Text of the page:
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Sonos Arc vs Sonos Beam: Which is right for you?

Sonos Arc vs Sonos Beam: If you’re a Sonos user and are in the market for something to give your home cinema set-up a boost, then the Arc and Boost are two excellent choices. 

The Sonos Arc is the latest product from the Californian company, and it brings Dolby Atmos to Sonos’ range of products for the first time. The Sonos Beam was released in 2018, and while it also boosts your TV’s audio – it executes this in a different manner.

Each has their qualities, but in the Sonos Arc vs Sonos Beam, which is the right purchase for you?

Related: Best soundbars

Sonos Arc vs Beam – Price

When it went on sale the Sonos Beam was £399, less than the Playbar (£699) and the Playbase (£699).

The Sonos Arc supersedes them all with its £799 RRP, twice as much as the Beam. In terms of saving pennies, the Beam is the more attractive proposition; but the Arc and the Beam serve a different purpose, as we’ll go into.

Related: Best Dolby Atmos soundbar

Sonos Arc vs Sonos Beam – Design

Both adhere to Sonos’ sleeker approach to design of recent years. The rounded edges of the Beam contrast with the Arc’s more cylindrical shape, but aesthetically they’re cut from the cloth with their discreet look.

Measuring 65 x 6.5 x 10cm (WHD), the Beam is just under half the Arc’s width (114 x 9 x 11.5cm). That makes the Beam better for smaller spaces.

It’s a unit that’s more suited to smaller TVs (around 49-inches or so), while the Arc suits bigger TVs (55-inches and more). Neither is too tall, though the Arc requires a wider surface to plant it on. The Arc also has rubberised feet if you’re fearful of causing any marks.

Both can be wall-mounted (the Arc’s bespoke wall-mount is available for pre-order), and both can only be used in their horizontal orientation. At 2.8kg compared to the Arc’s 6.25kg, the Arc is obviously the heavier of the two should that be a concern for slinging it up on a wall.

Is there a winner here? They’re both sufficiently different enough to not intrude on each other’s space. If you need a soundbar for a smaller space, the Beam is better. For those with bigger rooms, the Arc is better.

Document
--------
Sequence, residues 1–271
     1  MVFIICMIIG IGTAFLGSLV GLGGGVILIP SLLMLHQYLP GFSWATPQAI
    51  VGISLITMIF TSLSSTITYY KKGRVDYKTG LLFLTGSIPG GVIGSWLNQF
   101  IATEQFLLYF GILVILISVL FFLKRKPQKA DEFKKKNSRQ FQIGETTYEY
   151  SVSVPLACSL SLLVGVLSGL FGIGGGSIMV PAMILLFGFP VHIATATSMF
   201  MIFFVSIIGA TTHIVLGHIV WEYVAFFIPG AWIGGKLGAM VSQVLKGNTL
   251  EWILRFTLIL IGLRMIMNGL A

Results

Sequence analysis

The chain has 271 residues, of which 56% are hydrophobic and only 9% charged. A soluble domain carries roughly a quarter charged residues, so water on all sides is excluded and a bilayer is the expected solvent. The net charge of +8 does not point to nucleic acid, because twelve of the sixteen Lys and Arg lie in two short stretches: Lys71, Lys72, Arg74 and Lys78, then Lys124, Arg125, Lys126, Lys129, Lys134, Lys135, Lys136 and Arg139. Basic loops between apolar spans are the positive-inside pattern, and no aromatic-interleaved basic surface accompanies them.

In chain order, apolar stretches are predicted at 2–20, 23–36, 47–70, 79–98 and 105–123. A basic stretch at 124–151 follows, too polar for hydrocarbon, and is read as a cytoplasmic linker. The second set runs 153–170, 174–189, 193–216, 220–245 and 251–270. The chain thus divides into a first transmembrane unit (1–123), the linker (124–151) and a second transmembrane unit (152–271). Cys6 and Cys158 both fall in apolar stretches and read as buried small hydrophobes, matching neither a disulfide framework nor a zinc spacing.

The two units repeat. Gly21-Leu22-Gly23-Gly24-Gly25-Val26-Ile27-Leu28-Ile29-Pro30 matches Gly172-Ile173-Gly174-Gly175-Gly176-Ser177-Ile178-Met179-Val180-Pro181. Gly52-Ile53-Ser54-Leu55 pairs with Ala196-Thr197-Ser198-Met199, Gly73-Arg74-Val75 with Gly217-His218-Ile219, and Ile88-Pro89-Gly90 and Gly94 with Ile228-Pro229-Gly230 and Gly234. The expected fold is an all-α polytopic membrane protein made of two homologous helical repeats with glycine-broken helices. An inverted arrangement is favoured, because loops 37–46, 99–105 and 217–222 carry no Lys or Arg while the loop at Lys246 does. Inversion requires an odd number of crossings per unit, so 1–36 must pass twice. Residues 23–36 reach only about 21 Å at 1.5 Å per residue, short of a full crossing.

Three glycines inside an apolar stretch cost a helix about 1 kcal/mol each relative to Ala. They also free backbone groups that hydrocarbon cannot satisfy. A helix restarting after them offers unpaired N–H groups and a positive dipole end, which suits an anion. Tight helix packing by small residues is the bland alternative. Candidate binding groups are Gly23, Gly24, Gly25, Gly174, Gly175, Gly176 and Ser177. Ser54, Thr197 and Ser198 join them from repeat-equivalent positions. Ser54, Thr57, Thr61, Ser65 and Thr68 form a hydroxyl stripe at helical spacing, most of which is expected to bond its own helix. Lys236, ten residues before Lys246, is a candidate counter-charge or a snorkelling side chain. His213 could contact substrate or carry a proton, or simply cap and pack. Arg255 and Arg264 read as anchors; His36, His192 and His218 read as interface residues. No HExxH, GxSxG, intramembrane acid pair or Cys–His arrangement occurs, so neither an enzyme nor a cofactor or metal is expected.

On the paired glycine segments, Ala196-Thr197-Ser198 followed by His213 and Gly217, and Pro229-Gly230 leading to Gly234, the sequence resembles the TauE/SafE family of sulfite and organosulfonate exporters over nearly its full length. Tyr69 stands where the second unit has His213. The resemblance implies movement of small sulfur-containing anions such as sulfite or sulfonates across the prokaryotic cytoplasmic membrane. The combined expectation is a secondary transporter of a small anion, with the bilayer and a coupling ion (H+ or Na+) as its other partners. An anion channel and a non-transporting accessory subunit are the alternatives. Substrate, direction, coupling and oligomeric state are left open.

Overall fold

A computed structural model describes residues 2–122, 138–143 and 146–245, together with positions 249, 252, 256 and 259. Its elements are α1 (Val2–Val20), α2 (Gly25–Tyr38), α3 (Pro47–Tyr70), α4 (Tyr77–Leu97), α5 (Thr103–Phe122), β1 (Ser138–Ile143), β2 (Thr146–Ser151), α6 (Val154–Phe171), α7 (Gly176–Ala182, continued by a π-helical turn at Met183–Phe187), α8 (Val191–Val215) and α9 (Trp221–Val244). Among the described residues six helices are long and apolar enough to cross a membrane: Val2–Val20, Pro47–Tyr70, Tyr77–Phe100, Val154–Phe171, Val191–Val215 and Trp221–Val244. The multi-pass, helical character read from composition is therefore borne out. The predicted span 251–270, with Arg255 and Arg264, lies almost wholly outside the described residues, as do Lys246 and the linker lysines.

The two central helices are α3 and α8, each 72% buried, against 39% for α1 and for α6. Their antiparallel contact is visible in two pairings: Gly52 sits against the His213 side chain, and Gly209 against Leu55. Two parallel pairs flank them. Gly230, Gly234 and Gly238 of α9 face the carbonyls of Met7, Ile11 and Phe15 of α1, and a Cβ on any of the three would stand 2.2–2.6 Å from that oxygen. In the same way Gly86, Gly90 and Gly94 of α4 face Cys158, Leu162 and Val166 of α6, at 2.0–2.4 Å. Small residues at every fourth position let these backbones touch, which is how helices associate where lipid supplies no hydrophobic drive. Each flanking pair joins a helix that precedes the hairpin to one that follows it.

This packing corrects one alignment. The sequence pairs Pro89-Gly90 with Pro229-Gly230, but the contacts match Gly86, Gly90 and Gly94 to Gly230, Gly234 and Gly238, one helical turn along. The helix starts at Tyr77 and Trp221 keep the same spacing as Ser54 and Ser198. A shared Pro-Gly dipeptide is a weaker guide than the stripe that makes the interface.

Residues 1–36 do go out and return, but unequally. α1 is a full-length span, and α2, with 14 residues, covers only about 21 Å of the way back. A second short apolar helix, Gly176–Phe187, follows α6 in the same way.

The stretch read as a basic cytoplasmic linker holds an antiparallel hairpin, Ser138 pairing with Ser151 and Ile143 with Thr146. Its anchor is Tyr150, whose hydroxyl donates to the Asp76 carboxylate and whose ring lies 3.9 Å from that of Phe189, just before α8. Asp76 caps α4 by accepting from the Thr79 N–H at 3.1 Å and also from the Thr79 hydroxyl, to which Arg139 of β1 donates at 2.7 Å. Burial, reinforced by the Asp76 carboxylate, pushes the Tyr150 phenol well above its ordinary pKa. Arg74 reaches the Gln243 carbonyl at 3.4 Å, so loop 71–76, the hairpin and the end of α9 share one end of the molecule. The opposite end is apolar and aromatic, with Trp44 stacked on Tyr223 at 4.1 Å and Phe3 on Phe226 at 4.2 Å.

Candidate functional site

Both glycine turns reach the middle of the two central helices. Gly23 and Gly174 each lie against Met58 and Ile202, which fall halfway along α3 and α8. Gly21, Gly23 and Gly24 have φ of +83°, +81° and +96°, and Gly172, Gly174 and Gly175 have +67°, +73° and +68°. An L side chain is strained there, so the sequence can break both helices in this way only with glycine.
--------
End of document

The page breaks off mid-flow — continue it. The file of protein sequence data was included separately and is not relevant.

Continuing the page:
Related: Sonos Arc vs Sonos Playbar

Sonos Arc vs Sonos Beam – Features

There’s not much of a difference in terms of feature support. However, one key difference is the type of connections. The Beam has a single HDMI ARC input, while Arc has a single HDMI eARC input.

Here’s where it gets slightly tricky. If you have a TV with an eARC connection then things should be fine. While eARC is backward compatible with ARC, that doesn’t mean you’ll get Atmos sound if you play Atmos content. That’ll depend on whether the Atmos signal is contained within the lossy Dolby Digital+ (which the Arc supports), or lossless Dolby TrueHD (which the Arc does not).

Neither features an optical connection, but an optical adapter is included. HDMI CEC on both allows for control over power and volume.

Both are compatible with Sonos’ new S2 app (you can find out which other devices are compatible here). With the Sonos app you can use both soundbars in a multi-room set-up alongside other Sonos speakers. Spotify, Tidal and Apple Music streaming services can be streamed (along with dozens of others) from within the app. There’s also access to Sonos Radio, which brings with its 60,000 plus radio stations.